Psycho is a 1960 American psychological thriller film directed by Alfred Hitchcock and starring Janet Leigh and Anthony Perkins. The film is based on the screenplay by Joseph Stefano, who adapted it from the 1959 novel of the same name by Robert Bloch. The novel was loosely inspired by the crimes of Wisconsin murderer and grave robber Ed Gein, who lived just 40 miles from Bloch. The film depicts the encounter between a secretary, Marion Crane (Leigh), hiding at a secluded motel after embezzling money from her employer, and the motel's disturbed owner and manager, Norman Bates (Perkins), and the aftermath of their encounter. Psycho initially received mixed reviews, but outstanding box office returns prompted a re-review which was overwhelmingly positive and led to four Academy Award nominations. Psycho is now considered one of Hitchcock's best films and is highly praised as a work of cinematic art by international critics. The film spawned two sequels, a prequel, a remake, and a television movie spin-off. The film is often categorized by multiple sources as a drama, horror, mystery and thriller film.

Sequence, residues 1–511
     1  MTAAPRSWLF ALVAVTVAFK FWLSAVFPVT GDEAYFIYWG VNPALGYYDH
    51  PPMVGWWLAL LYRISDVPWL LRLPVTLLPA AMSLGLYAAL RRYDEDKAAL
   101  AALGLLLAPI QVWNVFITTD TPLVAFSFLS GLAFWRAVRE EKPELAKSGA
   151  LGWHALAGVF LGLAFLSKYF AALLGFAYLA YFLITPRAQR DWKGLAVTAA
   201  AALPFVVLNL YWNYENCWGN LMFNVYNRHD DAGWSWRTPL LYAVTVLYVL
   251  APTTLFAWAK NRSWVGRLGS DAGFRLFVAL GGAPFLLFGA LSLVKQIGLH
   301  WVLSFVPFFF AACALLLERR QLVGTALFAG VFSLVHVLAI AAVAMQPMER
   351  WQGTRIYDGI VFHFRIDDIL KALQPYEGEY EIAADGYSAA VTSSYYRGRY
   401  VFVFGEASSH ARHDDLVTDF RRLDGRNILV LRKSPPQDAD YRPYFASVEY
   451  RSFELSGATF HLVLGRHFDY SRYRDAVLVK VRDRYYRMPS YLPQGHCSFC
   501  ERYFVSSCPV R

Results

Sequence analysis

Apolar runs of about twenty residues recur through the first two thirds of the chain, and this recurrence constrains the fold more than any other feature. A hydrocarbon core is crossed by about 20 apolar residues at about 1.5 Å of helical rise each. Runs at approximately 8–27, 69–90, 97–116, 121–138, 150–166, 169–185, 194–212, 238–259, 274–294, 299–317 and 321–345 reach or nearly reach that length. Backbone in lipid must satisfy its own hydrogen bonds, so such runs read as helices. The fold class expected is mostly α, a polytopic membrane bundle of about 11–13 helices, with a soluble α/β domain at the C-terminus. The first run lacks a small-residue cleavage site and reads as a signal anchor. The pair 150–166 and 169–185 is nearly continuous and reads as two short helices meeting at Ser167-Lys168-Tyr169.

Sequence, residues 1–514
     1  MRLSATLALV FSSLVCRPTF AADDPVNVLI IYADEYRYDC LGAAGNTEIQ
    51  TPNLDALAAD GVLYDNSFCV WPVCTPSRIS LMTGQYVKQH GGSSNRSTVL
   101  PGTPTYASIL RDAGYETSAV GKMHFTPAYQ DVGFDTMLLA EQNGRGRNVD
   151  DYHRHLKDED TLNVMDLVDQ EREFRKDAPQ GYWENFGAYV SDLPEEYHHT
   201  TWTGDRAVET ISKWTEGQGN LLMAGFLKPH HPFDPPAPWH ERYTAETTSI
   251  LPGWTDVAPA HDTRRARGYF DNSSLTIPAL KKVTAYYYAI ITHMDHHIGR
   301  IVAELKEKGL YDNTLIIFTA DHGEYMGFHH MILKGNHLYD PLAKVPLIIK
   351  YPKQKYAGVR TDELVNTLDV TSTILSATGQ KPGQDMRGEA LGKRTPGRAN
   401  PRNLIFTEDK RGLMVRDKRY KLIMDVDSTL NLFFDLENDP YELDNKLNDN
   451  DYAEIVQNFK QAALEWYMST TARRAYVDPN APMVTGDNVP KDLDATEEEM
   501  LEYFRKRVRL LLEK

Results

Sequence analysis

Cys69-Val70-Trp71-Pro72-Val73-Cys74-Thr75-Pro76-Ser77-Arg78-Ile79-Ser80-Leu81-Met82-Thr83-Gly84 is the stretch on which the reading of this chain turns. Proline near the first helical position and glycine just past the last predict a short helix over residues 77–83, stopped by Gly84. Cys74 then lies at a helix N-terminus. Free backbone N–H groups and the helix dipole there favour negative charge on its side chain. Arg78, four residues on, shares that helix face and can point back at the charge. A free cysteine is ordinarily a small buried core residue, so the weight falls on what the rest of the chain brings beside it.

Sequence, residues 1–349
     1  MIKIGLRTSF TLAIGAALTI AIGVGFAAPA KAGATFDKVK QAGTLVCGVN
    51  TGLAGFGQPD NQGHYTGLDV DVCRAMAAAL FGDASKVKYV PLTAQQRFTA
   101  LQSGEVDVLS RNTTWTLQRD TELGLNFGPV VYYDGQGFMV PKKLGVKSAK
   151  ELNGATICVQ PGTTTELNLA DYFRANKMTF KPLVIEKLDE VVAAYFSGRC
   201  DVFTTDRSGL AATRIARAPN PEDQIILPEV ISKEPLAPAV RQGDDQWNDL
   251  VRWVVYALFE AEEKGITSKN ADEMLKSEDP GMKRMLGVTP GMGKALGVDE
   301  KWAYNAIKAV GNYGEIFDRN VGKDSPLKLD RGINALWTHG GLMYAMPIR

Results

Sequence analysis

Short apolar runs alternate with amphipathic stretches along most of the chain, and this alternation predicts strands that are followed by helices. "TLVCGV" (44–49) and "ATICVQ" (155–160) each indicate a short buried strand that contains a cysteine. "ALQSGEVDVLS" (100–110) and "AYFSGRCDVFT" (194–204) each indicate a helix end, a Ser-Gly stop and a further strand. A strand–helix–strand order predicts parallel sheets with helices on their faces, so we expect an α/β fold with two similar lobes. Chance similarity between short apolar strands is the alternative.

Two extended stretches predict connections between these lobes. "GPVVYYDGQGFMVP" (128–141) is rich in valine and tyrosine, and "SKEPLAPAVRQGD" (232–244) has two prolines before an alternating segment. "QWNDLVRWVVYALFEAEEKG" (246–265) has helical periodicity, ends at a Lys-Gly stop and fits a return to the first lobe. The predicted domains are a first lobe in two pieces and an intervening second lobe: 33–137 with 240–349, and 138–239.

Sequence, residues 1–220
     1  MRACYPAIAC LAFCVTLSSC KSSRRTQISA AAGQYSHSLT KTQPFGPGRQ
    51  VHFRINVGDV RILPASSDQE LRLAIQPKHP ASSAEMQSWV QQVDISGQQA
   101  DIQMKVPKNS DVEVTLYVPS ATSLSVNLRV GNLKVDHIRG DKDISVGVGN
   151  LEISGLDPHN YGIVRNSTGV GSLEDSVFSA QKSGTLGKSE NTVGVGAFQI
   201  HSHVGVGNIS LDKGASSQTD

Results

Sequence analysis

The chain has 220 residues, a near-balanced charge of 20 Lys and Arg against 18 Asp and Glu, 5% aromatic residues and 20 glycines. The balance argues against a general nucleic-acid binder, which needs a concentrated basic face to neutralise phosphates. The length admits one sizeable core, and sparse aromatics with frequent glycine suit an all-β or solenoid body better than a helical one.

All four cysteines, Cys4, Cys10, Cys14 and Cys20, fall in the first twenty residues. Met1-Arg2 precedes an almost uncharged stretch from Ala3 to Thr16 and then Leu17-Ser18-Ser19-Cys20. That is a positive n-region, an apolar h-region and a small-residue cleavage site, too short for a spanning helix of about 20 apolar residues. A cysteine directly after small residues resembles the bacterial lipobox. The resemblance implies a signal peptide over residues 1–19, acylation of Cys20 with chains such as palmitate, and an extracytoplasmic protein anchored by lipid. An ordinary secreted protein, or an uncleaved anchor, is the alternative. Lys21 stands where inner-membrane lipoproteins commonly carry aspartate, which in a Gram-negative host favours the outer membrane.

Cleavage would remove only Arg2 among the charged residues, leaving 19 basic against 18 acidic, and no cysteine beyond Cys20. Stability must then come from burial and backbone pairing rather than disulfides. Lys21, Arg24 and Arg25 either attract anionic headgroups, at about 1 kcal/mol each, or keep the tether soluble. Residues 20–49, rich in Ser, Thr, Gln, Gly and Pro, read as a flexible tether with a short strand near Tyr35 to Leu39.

In Phoenix, Arizona, discreet lovers Marion Crane (Janet Leigh) and Sam Loomis (John Gavin) want to marry, but cannot, as Sam is in debt and must also pay heavy alimony to his ex-wife. Unhappy and desperate to improve their situation, Marion steals $40,000 in cash from her office and drives to California, where Sam lives. All the while, Marion is nervous and apprehensive, and drives well into the night, eventually parking alongside the road to sleep. She is awakened by a concerned highway police officer, who warns her that it is dangerous to sleep in a car and tells her in the future to find a motel. However, Marion's desperation to leave arouses his suspicions. The officer looks at her license and registration, taking note of the plate number. He allows her to go on, but follows her, which agitates Marion further. Realizing that he now knows her plate number, she trades her 1956 Ford Mainline with an additional $700 for a 1957 Ford Custom 300 before continuing to California. However, the same officer has been watching the exchange from across the street and gotten has her new plate number. Marion leaves, worrying that the car trader will express suspicions of his own to the officer. Marion becomes fatigued from stress and driving in heavy rain and decides to find a proper place to stay for the night, fearing a reprise of the incident with the patrolman. She turns off the main road without realizing it, and arrives at the Bates Motel, a twelve-cabin lodging, rather out-of-the-way establishment with no other guests at present. The young, boyishly handsome and innocent-seeming owner, Norman Bates (Anthony Perkins), explains to her that business has decreased dramatically since the new road bypassed the motel. Norman does what little work is left, and also looks after his mother in a sinister-looking house on top of a nearby hill. Marion checks in under an assumed name, Marie Samuels, though she unwittingly gives her real name to him later. It is still raining, Marion is very tired, and the nearest diner is ten miles away, so Norman suggests that she have dinner at his house. However, from her room, Marion overhears a heated argument between Norman and his mother, who seems to suspect that his meal with Marion is part of a sordid affair. The two eat in the office instead, where Norman keeps several stuffed birds (his hobby is taxidermy). While eating, they have a gentle conversation at first, but Norman becomes angry after she delicately suggests he gets help in looking after his disturbed mother and possibly institutionalize her. Norman recovers from his brief outburst and admits that he would like to leave, but can't abandon his mother. He compares his life to a trap and observes that this aptly describes most people. Feeling that the theft of the money has also got her into a trap, Marion resolves to drive back to Phoenix in the morning. She undresses in her room next door while Norman watches through a peephole in the wall of his office. The "Psycho" set still stands on the Universal lot. At the time this picture was taken (1997), the car driven by Janet Leigh in the film was parked in front of the motel. After calculating how she can repay the money she has spent, Marion flushes her notes down the toilet and begins to shower. Suddenly, an anonymous figure, presumably Norman's mother, enters the bathroom and stabs Marion to death. Norman finds the corpse, and immediately assumes that his mother committed the murder. He cleans the bathroom and places Marion's body, wrapped in the shower curtain, and all her possessions including the money in the trunk of her car and sinks it in a swamp. Shortly afterward, Sam is contacted by both Marion's sister Lila (Vera Miles) and private detective Milton Arbogast (Martin Balsam), who has been hired by Marion's employer to find her and recover the money. Arbogast traces Marion to the motel and questions Norman, who lies unconvincingly about Marion having been and left weeks before. He refuses to let Arbogast talk to his mother, claiming she is ill. Arbogast calls Lila to update her and tells her he will contact her again after hopefully questioning Norman's mother. Arbogast enters Norman's house and, at the top of the stairs, he is attacked by a figure who slashes his face with a large kitchen knife, pushes him back down the stairs and then stabs him to death. When Arbogast does not call Lila, she and Sam contact the local police. Deputy Sheriff Al Chambers is perplexed to learn Arbogast saw a woman in a window, revealing that Norman's mother had died ten years earlier; Norman had found her dead alongside her married lover, an apparent murder-suicide. After this Norman confronts his mother, urges her to hide in the cellar. She rejects the idea and orders him out of her room, but against her will, Norman carries her to the fruit cellar. When Chambers dismisses Lila and Sam's concerns over Arbogast's disappearance, the two decide to search the motel themselves for any clues leading to Arbogast or Marion. Posing as a married couple, Sam and Lila check into the motel and search Marion's cabin, where they find a scrap of paper with "$40,000" written on it. While Sam distracts Norman, Lila sneaks into the house to search for his mother. Sam suggests Norman killed Marion for the money so he could buy a new hotel. Realizing Lila is missing, Norman knocks Sam unconscious and rushes to the house. Lila sees him and hides in the cellar where she discovers the semi-preserved and hideously mummified body of Mrs. Bates. Seconds later, Norman rushes in, wearing his mother's clothes and a wig, and carrying a knife. Sam arrives just in time to subdue Bates by tackling him to his knees and save Lila. After Norman's arrest, forensic psychiatrist Dr. Fred Richmond (Simon Oakland) tells Sam and Lila that Mrs. Bates is alive in Norman's fractured psyche. After the death of Norman's father, the pair lived as if they were the only people in the world. When his mother found a lover, however, Norman was consumed with jealousy and murdered both of them. Wracked with guilt, he tried to "erase the crime" by bringing his mother "back to life" in his mind. He stole her corpse and preserved the body. When he is "Mother", he acts, talks, and dresses as she would. Marion is revealed to have been "Mother"'s third victim, the first two also having been attractive young women; "Mother" is as jealous of Norman as he is of her, and so "she" kills anyone he feels attracted to. His psychosis protects him from knowing about other crimes committed after his mother's death. In the final scene, Norman sits in a cell, his mind dominated by the Mother persona. In voiceover, she says that she will prove to the authorities that she is harmless by refusing to swat a fly on Norman's hand: "They'll say, 'why, she wouldn't even harm a fly'". In some prints of the film, his face flashes briefly into a skull. The final shot shows Marion's car being recovered from the swamp.